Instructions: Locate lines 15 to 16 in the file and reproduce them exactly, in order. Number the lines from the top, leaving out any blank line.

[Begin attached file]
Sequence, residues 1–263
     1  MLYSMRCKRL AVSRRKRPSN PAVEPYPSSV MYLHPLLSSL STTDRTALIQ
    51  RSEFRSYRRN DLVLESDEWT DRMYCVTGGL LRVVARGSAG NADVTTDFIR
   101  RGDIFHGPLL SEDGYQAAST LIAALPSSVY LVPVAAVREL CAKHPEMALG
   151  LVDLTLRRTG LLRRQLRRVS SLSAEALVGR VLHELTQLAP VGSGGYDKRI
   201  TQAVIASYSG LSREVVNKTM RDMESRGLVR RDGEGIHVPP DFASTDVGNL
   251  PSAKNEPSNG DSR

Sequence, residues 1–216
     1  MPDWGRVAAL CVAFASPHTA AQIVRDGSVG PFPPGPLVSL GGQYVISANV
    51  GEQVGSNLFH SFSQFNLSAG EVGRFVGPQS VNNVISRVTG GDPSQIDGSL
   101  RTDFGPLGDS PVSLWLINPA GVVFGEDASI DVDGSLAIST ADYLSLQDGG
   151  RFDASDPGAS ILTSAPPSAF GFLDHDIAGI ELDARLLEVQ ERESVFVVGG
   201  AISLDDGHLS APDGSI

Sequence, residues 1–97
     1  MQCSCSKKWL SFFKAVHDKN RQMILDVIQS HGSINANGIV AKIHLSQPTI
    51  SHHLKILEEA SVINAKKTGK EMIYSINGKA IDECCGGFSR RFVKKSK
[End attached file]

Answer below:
     1  MQCSCSKKWL SFFKAVHDKN RQMILDVIQS HGSINANGIV AKIHLSQPTI
    51  SHHLKILEEA SVINAKKTGK EMIYSINGKA IDECCGGFSR RFVKKSK